Disease at a Glance

Summary
Chronic progressive external ophthalmoplegia (CPEO) is a condition characterized mainly by a loss of the muscle functions involved in eye and eyelid movement. Signs and symptoms tend to begin in early adulthood and most commonly include weakness or paralysis of the muscles that move the eye (ophthalmoplegia) and drooping of the eyelids (ptosis). Some affected individuals also have general weakness of the skeletal muscles (myopathy), which may be especially noticeable during exercise. Muscle weakness may also cause difficulty swallowing (dysphagia). CPEO can be caused by genetic changes in any of several genes, which may be located in mitochondrial DNA or nuclear DNA. It has different inheritance patterns depending on the gene involved in the affected individual. CPEO can occur as part of other underlying conditions, such as ataxia neuropathy spectrum and Kearns-Sayre syndrome. These conditions may not only involve CPEO, but various additional features that are not shared by most individuals with CPEO.
Estimated Number of People with this Disease

This section is currently in development.

What Information Does GARD Have For This Disease?

Many rare diseases have limited information. Currently GARD is able to provide the following information for this disease:

*Data may be currently unavailable to GARD at this time.
Categories
When do symptoms of this disease begin?
This section is currently in development. 

Symptoms

This section is currently in development. We recommend speaking with a doctor to learn more about this disease.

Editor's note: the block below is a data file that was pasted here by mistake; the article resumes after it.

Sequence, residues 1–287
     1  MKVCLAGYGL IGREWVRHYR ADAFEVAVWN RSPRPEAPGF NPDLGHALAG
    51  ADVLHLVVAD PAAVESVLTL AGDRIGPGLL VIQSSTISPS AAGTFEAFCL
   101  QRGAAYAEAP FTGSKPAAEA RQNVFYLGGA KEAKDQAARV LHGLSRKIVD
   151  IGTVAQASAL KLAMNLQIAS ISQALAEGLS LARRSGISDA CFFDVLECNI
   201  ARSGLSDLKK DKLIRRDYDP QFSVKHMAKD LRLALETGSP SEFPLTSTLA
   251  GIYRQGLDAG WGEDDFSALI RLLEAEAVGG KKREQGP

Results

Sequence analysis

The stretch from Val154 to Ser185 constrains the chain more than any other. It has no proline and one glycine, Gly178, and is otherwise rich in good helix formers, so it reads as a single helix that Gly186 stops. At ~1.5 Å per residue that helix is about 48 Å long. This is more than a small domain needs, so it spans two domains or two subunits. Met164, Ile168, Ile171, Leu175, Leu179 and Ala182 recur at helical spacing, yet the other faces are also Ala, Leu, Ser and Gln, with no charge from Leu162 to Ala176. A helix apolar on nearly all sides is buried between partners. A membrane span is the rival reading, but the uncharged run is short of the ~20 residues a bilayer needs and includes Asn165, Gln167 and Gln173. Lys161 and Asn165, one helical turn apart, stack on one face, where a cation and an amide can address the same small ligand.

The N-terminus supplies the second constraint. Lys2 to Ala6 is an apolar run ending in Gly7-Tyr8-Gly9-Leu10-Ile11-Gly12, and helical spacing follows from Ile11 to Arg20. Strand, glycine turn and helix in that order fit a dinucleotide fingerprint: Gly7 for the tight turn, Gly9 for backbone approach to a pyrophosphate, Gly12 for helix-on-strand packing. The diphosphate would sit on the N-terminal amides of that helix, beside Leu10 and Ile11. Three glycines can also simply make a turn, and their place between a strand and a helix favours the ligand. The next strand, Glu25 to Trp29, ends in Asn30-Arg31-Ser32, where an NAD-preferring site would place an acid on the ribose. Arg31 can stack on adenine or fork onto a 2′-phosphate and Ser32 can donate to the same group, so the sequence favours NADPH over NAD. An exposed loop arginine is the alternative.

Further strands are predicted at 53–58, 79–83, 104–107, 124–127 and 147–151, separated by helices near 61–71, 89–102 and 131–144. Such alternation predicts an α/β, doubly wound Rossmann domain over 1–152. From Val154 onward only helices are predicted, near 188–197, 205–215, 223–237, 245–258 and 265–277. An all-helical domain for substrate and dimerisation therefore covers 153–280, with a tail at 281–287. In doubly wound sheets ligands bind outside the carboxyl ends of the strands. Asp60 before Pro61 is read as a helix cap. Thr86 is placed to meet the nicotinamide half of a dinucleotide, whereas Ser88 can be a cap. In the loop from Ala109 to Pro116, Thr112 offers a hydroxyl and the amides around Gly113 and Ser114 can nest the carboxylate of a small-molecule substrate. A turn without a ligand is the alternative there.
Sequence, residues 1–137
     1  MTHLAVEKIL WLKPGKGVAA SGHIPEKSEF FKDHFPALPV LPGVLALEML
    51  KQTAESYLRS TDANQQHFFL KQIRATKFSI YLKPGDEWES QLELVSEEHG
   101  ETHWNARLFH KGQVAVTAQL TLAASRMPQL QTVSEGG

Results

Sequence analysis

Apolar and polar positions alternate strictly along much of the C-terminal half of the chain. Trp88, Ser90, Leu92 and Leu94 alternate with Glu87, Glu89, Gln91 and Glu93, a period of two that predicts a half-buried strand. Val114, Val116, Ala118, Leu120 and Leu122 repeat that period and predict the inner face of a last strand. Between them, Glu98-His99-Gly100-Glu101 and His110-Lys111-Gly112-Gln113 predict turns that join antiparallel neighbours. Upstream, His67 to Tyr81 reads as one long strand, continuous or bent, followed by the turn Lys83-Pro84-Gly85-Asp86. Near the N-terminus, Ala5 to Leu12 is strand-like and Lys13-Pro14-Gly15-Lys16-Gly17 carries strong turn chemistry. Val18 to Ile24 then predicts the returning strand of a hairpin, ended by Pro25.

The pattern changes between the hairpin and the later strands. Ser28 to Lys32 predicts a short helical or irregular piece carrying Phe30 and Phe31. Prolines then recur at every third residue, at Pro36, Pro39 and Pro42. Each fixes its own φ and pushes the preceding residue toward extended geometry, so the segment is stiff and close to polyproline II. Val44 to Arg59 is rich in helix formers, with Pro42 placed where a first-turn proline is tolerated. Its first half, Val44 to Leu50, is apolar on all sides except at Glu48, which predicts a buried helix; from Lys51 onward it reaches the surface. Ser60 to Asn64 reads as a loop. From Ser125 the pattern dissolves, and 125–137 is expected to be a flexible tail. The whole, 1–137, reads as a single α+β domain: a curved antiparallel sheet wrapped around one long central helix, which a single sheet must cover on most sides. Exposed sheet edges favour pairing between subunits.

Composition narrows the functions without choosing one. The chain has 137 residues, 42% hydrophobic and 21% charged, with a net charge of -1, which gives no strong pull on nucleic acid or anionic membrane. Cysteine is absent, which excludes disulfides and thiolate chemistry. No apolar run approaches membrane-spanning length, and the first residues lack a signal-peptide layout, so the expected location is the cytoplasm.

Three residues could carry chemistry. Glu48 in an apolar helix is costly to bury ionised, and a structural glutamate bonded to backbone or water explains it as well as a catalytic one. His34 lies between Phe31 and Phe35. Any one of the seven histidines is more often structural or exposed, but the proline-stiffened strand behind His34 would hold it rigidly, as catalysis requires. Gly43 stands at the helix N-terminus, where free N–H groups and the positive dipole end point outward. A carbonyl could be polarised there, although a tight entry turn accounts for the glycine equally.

Causes

This section is currently in development. 

Next Steps

Talking with the Medical Team

Good communication between the patient, family, and medical team can lead to an accurate diagnosis. In addition, health care decisions can be made together which improves the patient’s well-being and quality of life.

Describing Symptoms

Describe details about the symptoms. Because there may be many different causes for a single symptom, it is best not to make a conclusion about the diagnosis. The detailed descriptions help the medical provider determine the correct diagnosis.

To help describe a symptom:

  • Use a smartphone or a notebook to record each symptom before the appointment
  • Describe each symptom by answering the following questions:
    • When did the symptom start?
    • How often does it happen?
    • Does anything make it better or worse?
  • Tell the medical team whether any symptoms affect daily activities

Preparing for the First Visit

Working with a medical team to find a diagnosis can be a long process that will require more than one appointment. Make better health decisions by being prepared for the first visit with each member of the medical team.

    Make informed decisions about health care: 
    • Prepare a list of questions and concerns before the appointment
    • List the most important questions first, not all questions may be answered in the first visit
    • Ask questions about symptoms, possible diagnoses, tests, and treatment options
    For future appointments:
    • Discuss what was not addressed at the last visit
    • Discuss changes in the quality of life for the patient, family, and caregivers
    • Discuss health goals and other issues in the patient’s and family’s life that may affect the health care decisions
    Take notes during the appointments to help remember what was discussed.

    Last Updated: Nov. 8, 2021